Bolsonaro’s twist in hospital: They removed a nasogastric tube

Bolsonaro’s twist in hospital: They removed a nasogastric tube

(CNN) – The Villa Nova Star Hospital in Sao Paulo, where the President of Brazil, Jair Bolsonaro, was admitted, reported this Tuesday that intestinal obstruction The one he suffered was “resolved” without the need for surgery.

Hours later, the center reported that Bolsonaro “developed with good acceptance of the liquid diet taken during the day,” for which the nasogastric tube was removed.

The patient’s digestive system shows signs of recovery. At the moment, there are no expectations regarding the discharge,” the memo closes.

The hospital had previously reported that the president had taken a “short walk” in the hall and that he had no fever or abdominal pain. In addition, he added, there is still no final assessment of whether the president will need surgery.

(Credit: Jair Bolsonaro Twitter)

Bolsonaro’s health

President Bolsonaro He was taken to the hospital Monday dawn due to an intestinal blockage.

Bolsonaro suffers from “intestinal fusion,” Sao Paulo’s Villa Nova Star Hospital said in a statement. This is the latest medical issue linked to the 2018 incident in which Bolsonaro was stabbed in the election campaign.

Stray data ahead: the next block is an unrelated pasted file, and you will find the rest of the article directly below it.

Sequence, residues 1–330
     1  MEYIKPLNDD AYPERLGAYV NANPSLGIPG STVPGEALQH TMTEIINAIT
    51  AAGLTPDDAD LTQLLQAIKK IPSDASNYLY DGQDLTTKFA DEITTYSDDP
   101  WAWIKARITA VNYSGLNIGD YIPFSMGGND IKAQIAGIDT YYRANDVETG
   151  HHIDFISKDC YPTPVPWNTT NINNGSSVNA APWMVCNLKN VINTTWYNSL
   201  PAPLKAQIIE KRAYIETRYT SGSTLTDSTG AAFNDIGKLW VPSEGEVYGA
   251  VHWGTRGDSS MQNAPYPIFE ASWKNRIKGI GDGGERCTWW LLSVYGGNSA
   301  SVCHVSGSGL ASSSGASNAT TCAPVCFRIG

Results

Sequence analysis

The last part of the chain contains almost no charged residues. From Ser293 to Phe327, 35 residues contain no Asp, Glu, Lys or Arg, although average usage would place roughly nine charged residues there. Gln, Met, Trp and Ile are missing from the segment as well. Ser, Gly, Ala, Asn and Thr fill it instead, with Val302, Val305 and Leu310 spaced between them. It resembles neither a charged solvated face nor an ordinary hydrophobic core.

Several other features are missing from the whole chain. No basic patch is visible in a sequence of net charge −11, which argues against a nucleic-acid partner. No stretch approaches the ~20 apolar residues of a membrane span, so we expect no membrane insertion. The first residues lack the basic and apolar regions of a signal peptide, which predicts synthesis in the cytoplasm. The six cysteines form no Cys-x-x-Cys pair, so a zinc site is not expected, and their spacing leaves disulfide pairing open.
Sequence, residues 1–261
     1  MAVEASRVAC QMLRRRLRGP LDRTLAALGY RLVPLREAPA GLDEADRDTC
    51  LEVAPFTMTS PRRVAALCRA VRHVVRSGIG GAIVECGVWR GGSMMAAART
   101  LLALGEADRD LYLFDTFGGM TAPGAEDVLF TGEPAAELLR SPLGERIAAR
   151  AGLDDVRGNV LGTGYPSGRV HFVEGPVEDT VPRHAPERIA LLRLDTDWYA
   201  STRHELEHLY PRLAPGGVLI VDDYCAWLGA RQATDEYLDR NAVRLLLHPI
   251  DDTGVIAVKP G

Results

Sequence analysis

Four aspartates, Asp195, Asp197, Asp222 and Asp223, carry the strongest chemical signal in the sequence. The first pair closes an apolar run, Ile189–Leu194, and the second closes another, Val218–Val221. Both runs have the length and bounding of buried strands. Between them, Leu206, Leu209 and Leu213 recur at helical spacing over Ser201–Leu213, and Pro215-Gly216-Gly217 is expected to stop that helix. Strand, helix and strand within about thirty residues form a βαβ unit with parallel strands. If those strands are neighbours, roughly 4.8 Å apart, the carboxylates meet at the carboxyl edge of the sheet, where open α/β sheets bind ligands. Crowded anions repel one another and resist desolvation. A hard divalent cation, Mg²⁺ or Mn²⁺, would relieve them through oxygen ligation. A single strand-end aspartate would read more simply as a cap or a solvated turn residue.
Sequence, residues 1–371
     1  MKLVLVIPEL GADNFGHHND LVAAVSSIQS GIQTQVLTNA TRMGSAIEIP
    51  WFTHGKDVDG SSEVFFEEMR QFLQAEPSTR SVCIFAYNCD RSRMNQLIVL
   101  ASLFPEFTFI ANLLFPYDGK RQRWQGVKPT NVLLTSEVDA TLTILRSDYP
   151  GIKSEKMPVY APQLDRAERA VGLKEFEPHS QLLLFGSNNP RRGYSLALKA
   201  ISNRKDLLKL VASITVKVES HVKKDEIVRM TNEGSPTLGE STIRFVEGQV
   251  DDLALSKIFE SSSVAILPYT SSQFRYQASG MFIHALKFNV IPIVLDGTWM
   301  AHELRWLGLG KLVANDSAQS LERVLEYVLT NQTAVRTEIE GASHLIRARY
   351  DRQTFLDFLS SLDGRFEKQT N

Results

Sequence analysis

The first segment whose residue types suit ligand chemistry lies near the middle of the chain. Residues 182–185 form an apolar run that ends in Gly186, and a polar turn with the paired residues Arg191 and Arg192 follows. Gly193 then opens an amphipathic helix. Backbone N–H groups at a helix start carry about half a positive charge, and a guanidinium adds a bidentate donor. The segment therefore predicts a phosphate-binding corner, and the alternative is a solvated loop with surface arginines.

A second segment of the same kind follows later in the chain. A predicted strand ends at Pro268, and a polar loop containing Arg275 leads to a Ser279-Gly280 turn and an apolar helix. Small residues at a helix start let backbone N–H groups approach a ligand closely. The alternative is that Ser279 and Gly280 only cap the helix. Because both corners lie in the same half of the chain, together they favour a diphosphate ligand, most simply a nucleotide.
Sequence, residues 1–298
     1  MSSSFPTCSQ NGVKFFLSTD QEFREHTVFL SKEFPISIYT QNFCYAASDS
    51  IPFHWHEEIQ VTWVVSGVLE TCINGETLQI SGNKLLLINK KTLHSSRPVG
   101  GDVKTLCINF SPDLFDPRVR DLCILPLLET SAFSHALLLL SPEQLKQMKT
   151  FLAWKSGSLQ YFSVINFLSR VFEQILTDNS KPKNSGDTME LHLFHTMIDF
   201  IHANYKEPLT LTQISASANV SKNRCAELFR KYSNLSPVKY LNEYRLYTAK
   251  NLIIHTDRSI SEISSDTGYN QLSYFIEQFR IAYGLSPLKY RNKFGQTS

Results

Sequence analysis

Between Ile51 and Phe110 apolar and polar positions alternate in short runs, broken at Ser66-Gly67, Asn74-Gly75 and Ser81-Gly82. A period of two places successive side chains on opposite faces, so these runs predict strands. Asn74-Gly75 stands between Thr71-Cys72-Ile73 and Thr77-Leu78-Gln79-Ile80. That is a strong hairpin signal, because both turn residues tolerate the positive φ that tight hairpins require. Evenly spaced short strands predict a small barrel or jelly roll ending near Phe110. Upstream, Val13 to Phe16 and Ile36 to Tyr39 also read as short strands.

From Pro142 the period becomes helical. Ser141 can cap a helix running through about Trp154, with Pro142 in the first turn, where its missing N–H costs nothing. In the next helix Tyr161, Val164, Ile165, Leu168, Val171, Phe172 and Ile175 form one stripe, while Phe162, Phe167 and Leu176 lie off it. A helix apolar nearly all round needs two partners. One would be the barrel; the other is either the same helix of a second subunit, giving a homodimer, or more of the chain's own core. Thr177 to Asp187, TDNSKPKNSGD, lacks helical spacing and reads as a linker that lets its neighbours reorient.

Bolsonaro Post a Tweet In it, he explained that he started feeling bad “after Sunday lunch” and that he arrived at the hospital at 3:00 am on Monday. “I got a nasogastric tube,” he wrote. “Further tests will be done for possible surgery for internal abdominal obstruction.”

Bolsonaro was already hospitalized in July 2021, when doctor Antonio Luiz Macedo found an intestinal obstruction. Macedo was the one who operated on Bolsonaro after he was stabbed in 2018. The president underwent surgery in January 2019 to remove a colon cyst that had been inserted after the stabbing.

“This is the second time he has been hospitalized with the same symptoms, as a result of a stabbing (September 6, 2018) and four major surgeries,” Bolsonaro wrote in a second tweet.

— Taylor Barnes and Jack Jay of CNN in Atlanta and Marcos Moreno of CNNE in Rio de Janeiro.

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